- Mathematically optimal push/fold charts are available – but bear in mind these are designed to work against thinking opponents. Fish love calling all-ins
- Fish often think an all-in means you are bluffing, so counterintuitively they are more likely to call them than smaller bets
All-In Poker Strategies
Going all-in massively simplifies the game of poker. You will be in the hand to the end with no more decisions to make. But it’s no magic bullet. You need to have a solid all-in strategy or you will burn money.
Effective Stack-To-Pot Ratio
The stack-to-pot ratio (SPR) is calculated by dividing the size of the pot by the effective stack size. The effective stack size is the size of the smallest stack in the hand – you can never win or lose more than your opponent has, so any excess chips are not important.
When the pot is very small compared to the effective stack, then the SPR will be large, and vice versa.
The SPR is a measure of how pot committed you are. You can use it to decide whether your hand is strong enough to play an all-in pot. The bigger the SPR, the more risk you are taking for less reward.
And when the SPR is small then the opposite is true. You should be willing to get it all-in with weaker holdings, because even if your equity is low, the potential reward is high enough to make up for that.
You will see various ways of categorizing SPRs, but a general rule-of-thumb is that an SPR of less than 3 is low enough to get it all in with top pair or better, whereas if it’s any larger then exercise caution. The higher it is, the more cautious you need to be. If it’s larger than 10 then you better have the nuts – or a great read on your opponent!
Playing Styles at the Table
It’s helpful to categorize your opponents’ playing styles so you can make sense of what their actions mean. An all-in from a tight player in early position is not the same as one from a maniac in late position. A fish is much more likely to call your all-in thinking it’s a bluff – and a nit won’t play for stacks without the nuts, so a shove can force them to fold a really good hand.
Always consider the action leading up to any all-in situation. Someone who has called a pre-flop raise only to shove the flop has likely hit the flop hard – whereas someone who was the pre-flop raiser may have wanted to get it all in with Aces pre-flop only have their plan foiled when nobody re-raised them.
Sometimes players who have missed their straight or flush draw will shove the river as a bluff. Never snap call an all-in without the stone-cold nuts. Take your time and think about what hands beat you, what story their actions up to this point have told, and how that narrows down their range.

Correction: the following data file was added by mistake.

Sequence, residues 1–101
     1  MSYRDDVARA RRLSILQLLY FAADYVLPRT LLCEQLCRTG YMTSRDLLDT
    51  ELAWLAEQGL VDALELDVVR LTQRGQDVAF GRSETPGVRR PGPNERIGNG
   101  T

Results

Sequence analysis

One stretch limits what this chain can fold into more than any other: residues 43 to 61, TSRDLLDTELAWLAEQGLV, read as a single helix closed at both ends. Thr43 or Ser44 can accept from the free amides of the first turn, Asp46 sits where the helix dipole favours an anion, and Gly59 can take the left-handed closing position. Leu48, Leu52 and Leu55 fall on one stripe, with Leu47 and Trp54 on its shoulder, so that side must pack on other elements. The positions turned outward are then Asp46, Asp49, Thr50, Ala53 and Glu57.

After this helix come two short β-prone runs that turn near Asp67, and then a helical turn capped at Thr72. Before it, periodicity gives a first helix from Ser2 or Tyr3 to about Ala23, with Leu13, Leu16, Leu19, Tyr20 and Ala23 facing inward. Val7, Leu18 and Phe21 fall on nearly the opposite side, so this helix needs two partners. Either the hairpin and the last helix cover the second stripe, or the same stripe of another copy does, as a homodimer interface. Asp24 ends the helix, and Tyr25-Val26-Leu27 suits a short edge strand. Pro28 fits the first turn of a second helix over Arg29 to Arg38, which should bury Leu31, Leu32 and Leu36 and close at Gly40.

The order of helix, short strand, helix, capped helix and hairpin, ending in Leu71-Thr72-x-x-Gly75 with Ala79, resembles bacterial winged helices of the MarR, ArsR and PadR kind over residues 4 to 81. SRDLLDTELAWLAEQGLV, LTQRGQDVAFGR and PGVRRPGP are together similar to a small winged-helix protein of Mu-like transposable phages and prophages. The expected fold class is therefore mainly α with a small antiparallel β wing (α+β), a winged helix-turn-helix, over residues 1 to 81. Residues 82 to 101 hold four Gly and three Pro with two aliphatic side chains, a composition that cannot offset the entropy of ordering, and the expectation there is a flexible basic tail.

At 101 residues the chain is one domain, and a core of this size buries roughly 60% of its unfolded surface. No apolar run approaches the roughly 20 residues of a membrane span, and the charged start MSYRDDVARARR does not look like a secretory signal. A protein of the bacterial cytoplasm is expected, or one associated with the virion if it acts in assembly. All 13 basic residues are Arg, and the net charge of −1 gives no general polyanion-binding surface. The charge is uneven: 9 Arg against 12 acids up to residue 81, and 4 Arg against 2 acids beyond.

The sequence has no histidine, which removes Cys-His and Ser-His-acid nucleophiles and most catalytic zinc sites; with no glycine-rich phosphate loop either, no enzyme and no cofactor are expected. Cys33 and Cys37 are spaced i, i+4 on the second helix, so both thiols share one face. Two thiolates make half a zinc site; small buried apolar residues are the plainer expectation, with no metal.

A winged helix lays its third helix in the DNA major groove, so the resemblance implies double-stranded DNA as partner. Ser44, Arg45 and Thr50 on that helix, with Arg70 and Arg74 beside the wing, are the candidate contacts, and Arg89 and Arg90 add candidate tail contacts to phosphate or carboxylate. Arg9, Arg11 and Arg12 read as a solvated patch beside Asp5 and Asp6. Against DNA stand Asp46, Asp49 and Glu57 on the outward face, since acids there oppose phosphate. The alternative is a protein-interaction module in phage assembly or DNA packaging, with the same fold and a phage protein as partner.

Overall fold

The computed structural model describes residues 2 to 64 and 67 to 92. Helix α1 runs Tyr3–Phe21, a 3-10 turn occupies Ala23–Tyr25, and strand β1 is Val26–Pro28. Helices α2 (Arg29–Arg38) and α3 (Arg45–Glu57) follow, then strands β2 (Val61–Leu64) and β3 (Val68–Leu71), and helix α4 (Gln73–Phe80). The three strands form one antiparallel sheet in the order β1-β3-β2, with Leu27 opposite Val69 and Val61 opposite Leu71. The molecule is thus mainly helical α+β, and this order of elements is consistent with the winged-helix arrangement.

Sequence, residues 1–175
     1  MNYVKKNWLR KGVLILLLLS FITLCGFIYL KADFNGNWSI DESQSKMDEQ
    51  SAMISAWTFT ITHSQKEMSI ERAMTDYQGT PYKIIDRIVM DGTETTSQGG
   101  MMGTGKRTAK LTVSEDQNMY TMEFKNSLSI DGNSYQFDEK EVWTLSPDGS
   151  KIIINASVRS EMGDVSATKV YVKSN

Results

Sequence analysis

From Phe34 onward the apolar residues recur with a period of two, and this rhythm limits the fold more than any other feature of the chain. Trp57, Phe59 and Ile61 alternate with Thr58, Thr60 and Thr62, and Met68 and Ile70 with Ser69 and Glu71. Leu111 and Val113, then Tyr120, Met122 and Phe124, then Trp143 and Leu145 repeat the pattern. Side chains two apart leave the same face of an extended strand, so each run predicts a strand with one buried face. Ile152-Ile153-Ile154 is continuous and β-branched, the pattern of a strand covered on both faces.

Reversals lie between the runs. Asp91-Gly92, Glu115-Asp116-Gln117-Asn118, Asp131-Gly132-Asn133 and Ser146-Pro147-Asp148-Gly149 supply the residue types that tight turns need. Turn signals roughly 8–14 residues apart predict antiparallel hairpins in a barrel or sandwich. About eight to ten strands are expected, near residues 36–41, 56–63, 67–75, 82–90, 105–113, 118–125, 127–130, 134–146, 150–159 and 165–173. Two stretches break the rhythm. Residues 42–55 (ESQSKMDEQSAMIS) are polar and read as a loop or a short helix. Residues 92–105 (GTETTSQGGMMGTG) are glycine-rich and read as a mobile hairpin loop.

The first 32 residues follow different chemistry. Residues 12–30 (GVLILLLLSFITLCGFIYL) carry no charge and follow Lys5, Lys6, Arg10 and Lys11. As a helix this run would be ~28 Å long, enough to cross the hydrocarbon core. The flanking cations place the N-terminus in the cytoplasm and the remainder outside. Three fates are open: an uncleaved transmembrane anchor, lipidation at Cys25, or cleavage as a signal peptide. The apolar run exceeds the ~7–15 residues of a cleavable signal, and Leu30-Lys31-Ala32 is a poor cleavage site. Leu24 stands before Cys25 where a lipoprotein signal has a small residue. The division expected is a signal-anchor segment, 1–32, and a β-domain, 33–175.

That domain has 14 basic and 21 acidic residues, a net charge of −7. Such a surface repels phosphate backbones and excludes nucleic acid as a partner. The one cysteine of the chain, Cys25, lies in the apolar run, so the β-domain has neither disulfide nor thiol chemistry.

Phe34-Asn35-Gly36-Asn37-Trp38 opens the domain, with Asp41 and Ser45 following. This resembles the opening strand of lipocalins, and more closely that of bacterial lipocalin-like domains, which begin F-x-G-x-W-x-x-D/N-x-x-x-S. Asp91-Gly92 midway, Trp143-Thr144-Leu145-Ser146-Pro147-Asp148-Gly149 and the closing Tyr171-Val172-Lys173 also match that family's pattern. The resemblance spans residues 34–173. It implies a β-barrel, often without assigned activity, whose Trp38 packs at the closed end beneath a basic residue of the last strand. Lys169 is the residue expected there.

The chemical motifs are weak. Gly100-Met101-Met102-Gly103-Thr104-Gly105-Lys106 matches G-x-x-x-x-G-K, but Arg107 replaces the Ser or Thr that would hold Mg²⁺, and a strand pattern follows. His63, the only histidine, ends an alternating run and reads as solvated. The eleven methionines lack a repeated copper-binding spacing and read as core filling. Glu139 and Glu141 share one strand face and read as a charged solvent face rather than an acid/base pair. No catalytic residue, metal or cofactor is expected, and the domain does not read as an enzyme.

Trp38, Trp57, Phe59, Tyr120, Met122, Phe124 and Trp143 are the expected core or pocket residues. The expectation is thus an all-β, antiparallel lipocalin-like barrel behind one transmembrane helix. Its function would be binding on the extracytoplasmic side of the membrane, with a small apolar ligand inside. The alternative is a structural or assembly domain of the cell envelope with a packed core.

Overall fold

Extremely aggressive players may even shove their drawing hands on the flop or turn, counting on the extra fold equity to make it a profitable move. Just remember that some flush/straight combo draws are actually a favorite over a made hand like top pair when there are still two cards to come.
A common mistake beginning players make is to assign a value to their hand and stick to it.
Pocket Aces are the best hand pre-flop, but post-flop they are just one pair. You definitely want to get all the money in with Aces preflop – but if you don’t manage this then think twice before trying to get it all-in on the flop.
Likewise, you may have flopped two pair, but if the turn or river completes your opponent’s flush draw then you are in big trouble. The worst hand in poker is the second-best hand.
All-ins are very common in tournaments compared to cash games because of the rising blind structure. Sudden all-ins when your stack is low is a recommended poker strategy.
Getting blinded out of a tournament is a serious mistake. You can’t wait around for the nuts. Even letting your stack get too small means you will not have any fold equity when you do shove – the other players can call you light as losing won’t hurt their stacks much. This means you can only shove for value and not as a bluff – a bad place to be.
If you are in the reverse situation, generally you should always consider calling a small stack’s all-in if you are getting at least 2-1 pot odds and you are closing the action. The reason for this is that it’s hard to be worse than a 2-1 underdog in a pre-flop all-in except in an overpair v underpair/two low cards situation. If you aren’t closing the action you run the risk of someone yet to act re-raising.